Several different systems might be involved in a business process that you want to test. Consider a simple scenario:
1. A purchase order is entered on the first system.
2. The order is passed to a second system where production is scheduled.
3. The second system passes information to a third system where a table is updated.
You want to test the transactions and check the table updates. eCATT enables you to create and manage the tests in a single system, and execute the appropriate tests against the various target systems.
The systems under test usually change over the time. For example, you start by using eCATT to test a certain release of a system under test. Once you have developed your tests, you may want to use them again to test later releases of the system under test. By using a central test system for your test tool and test objects, and by testing the systems under test remotely, you can upgrade or even exchange the systems under test without modifying your test objects.
For the description of a (network-) path to a system under test, you use system data.
The central test system contains:
· Repository of eCATT objects (test script, test data containers, system data containers, and test configurations)
· RFC destinations for the target systems
The applications under test reside on the target systems. The central test system can also be a target system. Communication with the target systems is by normal RFC. Depending on the application, it may be type 3 connection or an HTTP connection.
The system landscape under test is represented by a system data container.
The system data container contains a list of target systems. Each target system has attributes which describe the communication channel between the eCATT system and the system under test. Possible attributes are RFC destinations of type 3 (destinations to SAP systems) and of type G or H (HTTP destinations).
As with other eCATT objects, the system data container has mandatory attributes (title, package, and person responsible) as well as attributes containing administrative information.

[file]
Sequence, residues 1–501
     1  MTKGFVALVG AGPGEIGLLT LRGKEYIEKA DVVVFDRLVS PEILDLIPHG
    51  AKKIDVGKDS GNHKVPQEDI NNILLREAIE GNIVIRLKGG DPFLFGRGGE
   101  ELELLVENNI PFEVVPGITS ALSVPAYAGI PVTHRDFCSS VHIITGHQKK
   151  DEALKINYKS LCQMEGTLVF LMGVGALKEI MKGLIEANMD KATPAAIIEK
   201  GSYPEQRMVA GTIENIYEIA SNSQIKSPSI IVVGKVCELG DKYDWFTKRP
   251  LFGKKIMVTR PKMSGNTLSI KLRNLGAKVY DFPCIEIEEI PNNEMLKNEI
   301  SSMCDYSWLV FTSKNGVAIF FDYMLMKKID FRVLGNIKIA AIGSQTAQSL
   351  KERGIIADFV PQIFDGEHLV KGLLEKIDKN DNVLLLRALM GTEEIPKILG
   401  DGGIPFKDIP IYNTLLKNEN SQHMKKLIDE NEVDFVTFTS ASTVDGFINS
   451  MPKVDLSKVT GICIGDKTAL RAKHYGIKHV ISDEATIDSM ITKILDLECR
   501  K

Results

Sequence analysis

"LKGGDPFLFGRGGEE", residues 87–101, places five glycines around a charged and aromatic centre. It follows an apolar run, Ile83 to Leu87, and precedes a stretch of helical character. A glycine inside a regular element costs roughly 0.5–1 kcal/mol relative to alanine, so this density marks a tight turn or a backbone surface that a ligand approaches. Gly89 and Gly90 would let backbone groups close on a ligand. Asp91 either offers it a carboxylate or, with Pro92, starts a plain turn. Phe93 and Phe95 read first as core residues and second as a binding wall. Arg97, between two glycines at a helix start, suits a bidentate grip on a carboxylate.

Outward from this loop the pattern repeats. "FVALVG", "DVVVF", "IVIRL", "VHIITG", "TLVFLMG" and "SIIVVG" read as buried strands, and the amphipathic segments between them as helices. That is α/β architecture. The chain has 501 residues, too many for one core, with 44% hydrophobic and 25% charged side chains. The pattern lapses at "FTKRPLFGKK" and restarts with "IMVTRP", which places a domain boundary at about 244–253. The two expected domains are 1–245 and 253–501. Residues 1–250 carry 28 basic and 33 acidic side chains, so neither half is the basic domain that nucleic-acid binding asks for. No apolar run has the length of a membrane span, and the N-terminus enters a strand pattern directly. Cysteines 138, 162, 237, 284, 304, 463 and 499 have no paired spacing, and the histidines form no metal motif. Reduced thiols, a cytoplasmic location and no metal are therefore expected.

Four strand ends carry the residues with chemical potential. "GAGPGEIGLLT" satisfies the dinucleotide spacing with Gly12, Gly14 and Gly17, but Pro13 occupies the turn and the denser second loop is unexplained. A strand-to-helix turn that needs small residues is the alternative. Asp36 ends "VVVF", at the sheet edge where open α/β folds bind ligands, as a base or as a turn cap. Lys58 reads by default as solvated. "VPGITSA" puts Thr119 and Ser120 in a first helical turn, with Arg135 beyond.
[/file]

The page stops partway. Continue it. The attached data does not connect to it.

In the system data container, each RFC destination is paired with a logical name that you specify. It is the logical name of a target system that you use in the test scripts, and not the name of the RFC destination itself. The task of the system data container is to resolve the logical name used in the script into the RFC destination (of type 3, G, or H) that identifies a particular system. For more information, see Specifying Target Systems.
You define RFC destinations in transaction SM59. Here you can specify the user credentials required to log on to the relevant systems. If the logon information specified in the RFC destination is incomplete, you usually need to enter the relevant information when a test tries to access the system. That means that tests cannot be left to run unattended when using RFC destinations with incomplete logon information. To get round this problem, we recommend making the central test system a trusted system of each of the systems in the test landscape. This eliminates the need to store a password in the RFC destination but allows unattended logon. For information about how to set up a trusted and trusting relationships, see SAP Note 128447.